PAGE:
Center for Marine Biodiversity and Conservation
A Review of California's Artificial Reefs: To Help Inform Future Development of a Statewide Management Plan.
- Author(s): Hunter, Liz
- et al.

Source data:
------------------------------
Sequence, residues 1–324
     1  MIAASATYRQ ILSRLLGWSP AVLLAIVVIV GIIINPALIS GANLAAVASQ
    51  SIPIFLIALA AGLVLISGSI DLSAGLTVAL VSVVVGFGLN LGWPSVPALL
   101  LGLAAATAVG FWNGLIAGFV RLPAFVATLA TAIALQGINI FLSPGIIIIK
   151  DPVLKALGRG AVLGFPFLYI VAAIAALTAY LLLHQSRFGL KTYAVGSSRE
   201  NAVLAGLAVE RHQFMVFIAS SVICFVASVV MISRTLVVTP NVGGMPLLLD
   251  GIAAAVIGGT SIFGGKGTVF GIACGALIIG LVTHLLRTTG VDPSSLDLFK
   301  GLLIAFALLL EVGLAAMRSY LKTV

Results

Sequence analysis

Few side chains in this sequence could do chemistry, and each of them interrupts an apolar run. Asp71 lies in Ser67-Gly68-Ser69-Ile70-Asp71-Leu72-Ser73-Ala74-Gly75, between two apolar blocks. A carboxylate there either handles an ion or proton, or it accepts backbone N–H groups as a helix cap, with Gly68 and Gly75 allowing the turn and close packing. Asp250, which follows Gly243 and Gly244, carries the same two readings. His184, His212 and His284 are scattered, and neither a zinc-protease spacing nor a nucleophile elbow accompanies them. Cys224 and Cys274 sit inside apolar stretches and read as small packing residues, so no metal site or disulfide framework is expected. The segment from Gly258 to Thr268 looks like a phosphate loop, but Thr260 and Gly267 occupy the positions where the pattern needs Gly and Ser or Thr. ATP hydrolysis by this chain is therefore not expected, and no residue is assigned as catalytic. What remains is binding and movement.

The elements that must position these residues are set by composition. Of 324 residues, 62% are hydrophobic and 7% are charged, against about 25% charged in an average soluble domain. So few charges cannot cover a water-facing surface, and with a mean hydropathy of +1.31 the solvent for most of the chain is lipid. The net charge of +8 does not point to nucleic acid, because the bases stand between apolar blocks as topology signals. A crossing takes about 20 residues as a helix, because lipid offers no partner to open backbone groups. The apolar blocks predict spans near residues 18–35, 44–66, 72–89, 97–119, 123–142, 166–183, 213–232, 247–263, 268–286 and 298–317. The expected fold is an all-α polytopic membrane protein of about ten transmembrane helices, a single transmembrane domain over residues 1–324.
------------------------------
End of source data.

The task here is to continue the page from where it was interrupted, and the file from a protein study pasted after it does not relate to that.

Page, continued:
The California Department of Fish and Wildlife (CDFW) has been involved in the construction of artificial reefs (ARs) since the 1950s. Then in 1985, the California Artificial Reef Program (CARP) was created by legislative statute to address declines in various southern California marine species. The CARP is managed by CDFW but no longer receives funding to manage this program. Before CDFW can support further creation of ARs we need to identify gaps in the program and know how ARs affect marine species and the marine ecosystems. This will ultimately inform a scientifically based statewide AR management plan, which CDFW needs to support in the program. The first step into making informed management decisions of the ARs is to complete a literature review of published material and to survey the type, number, and placement of ARs. The results of this survey need to be standardized and transparent in order for the CDFW to review, compare, and make informed management decisions. Some critical data to include in the surveys will be reef attributes (the quality and specific features of the reef), fish density, biomass, and the assemblage of the AR structure. Identification of gaps in the CARP and the organization and standardization of timely and regular AR assessments will then allow resource managers and stakeholders to use the best available science to make the most informed management decisions possible. With the ocean continuing to warm and acidify and the world population continuing to increase, fish populations and marine ecosystems are at risk and face unforeseen dangers, including the reduction of fish stocks and the degradation of marine habitat. Rebuilding depleted stocks typically involves conventional fisheries management approaches, such as seasons, quotas, size limits, gear restrictions, MPAs, or even fishery closures. The concept of stock enhancement has been debated as another potential tool in the fisheries management toolbox, and may be possible with the successful implementation of CA’s ARs. CDFW has been involved with the AR program for decades but currently has no statewide management plan to guide placement, development, and testing of AR effectiveness and functionality.